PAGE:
Kansas Disability and Health Program
Kansans with disabilities can be healthy!
The Centers for Disease Control and Prevention (CDC) funded the Kansas Disability and Health Program (DHP) for 2016-2021. The DHP helps improve the health and quality of life of Kansans with disabilities by increasing access to programs and services that promote healthy living. (Download the program description in PDF.)
The DHP focuses on people with intellectual or developmental disabilities (IDD) and people with mobility limitations, but our mission is to improve the health of all Kansans with disabilities. The progam improves consumers’ access to and knowledge about three important health areas:
- Oral Health
- Physical Health
The DHP adapts and offers programs in these areas that have been shown to be effective.
Meeting a Need
People with disabilities need public health programs and health care services for the same reasons everyone does – to be healthy, active, and part of their community. In Kansas, about 25% of the population has some kind of disability, which often makes it difficult to live a healthy lifestyle.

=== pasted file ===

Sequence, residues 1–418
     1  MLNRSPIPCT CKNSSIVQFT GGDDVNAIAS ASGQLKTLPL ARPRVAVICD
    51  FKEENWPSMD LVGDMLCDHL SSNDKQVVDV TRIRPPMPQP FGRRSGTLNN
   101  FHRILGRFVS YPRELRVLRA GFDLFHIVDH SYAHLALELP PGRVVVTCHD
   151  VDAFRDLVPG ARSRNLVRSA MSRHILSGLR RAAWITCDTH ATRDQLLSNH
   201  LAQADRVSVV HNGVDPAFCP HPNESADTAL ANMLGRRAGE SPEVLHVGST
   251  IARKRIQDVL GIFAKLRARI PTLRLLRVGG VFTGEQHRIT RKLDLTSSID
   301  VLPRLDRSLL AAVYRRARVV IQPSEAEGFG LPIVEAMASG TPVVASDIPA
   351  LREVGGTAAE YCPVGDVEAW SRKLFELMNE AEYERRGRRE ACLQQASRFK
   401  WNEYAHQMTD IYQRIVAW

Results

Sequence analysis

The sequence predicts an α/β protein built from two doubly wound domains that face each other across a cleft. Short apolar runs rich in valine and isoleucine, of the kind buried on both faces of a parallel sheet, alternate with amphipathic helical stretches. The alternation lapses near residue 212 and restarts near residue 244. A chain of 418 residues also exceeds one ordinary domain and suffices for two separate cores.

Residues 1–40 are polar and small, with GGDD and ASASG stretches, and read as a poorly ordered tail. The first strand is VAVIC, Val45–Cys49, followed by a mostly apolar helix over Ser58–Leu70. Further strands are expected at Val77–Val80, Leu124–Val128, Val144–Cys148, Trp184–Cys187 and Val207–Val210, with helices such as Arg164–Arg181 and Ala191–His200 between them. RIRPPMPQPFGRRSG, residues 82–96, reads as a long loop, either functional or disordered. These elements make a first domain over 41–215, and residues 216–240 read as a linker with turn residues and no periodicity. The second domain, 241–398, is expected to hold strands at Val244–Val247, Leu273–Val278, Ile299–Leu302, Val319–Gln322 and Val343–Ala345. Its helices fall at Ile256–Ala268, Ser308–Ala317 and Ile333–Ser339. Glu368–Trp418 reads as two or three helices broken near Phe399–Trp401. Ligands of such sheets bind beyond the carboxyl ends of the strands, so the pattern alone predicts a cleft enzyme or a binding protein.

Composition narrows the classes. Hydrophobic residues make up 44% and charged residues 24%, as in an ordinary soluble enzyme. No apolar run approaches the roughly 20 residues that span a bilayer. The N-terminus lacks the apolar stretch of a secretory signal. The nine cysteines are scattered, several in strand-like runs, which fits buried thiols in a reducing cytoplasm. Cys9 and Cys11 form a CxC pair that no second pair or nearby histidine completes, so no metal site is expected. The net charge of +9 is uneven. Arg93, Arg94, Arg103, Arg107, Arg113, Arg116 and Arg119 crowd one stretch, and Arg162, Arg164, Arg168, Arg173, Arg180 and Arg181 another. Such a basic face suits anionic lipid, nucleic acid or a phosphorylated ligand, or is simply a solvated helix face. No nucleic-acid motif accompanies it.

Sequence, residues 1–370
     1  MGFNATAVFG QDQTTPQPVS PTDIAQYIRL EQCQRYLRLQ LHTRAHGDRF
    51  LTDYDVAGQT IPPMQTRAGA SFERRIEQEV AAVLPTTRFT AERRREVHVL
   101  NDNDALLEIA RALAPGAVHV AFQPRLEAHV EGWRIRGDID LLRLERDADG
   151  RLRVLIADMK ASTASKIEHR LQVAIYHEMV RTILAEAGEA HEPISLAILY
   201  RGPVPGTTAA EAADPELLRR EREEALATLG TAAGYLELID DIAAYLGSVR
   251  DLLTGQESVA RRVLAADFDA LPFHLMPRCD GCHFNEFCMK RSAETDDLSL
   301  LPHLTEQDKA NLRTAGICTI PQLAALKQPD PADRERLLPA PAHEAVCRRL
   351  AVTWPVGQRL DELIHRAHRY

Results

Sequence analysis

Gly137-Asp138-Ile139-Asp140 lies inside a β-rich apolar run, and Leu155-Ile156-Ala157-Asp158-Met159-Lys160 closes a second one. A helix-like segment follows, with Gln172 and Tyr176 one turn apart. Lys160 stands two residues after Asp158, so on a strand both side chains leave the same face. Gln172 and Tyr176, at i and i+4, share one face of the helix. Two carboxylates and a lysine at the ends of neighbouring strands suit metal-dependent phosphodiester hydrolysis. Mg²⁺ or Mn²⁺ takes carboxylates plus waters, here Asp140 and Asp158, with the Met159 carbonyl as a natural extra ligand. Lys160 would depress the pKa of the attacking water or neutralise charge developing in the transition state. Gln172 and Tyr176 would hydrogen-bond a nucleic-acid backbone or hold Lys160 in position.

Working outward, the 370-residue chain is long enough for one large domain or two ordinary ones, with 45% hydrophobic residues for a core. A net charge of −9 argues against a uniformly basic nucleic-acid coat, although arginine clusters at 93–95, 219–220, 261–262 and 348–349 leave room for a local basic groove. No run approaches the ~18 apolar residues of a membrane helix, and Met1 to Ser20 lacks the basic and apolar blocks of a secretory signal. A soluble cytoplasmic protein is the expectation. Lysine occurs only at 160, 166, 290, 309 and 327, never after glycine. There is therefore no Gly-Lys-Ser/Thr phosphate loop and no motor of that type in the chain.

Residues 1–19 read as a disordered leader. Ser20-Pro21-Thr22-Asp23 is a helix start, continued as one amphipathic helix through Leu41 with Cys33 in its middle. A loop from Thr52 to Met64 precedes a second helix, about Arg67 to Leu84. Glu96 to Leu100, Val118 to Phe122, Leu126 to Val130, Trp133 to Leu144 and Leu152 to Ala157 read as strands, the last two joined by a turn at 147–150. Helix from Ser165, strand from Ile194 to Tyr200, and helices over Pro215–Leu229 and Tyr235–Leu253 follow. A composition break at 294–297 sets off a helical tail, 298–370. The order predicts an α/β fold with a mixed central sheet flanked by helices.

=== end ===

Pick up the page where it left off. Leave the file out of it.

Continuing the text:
Research shows that for Kansans with disabilities:
- 44% report fair or poor health.
- Nearly 45% are obese.
- Only 40% meet physical activity guidelines.
- Nearly 60% smoke or use tobacco.
- They are nearly six times more likely to report having had a stroke and three times more likely to report having diabetes compared to their non-disabled peers.
These facts make it clear that Kansans with disabilities need opportunities and support to improve their health. The Kansas DHP also addresses two related problems:
- Kansans with disabilities have significant health disparities (poorer health) than their non-disabled peers.
- Many public health programs are not accessible or do not include people with disabilities.
This website was supported by Grant/Cooperative Agreement Number DD000006 from CDC, National Center on Birth Defects and Developmental Disabilities, Disability and Health Branch. Its contents are solely the responsibility of the authors and do not necessarily represent the official views of CDC, NCBDDD, Disability and Health Branch.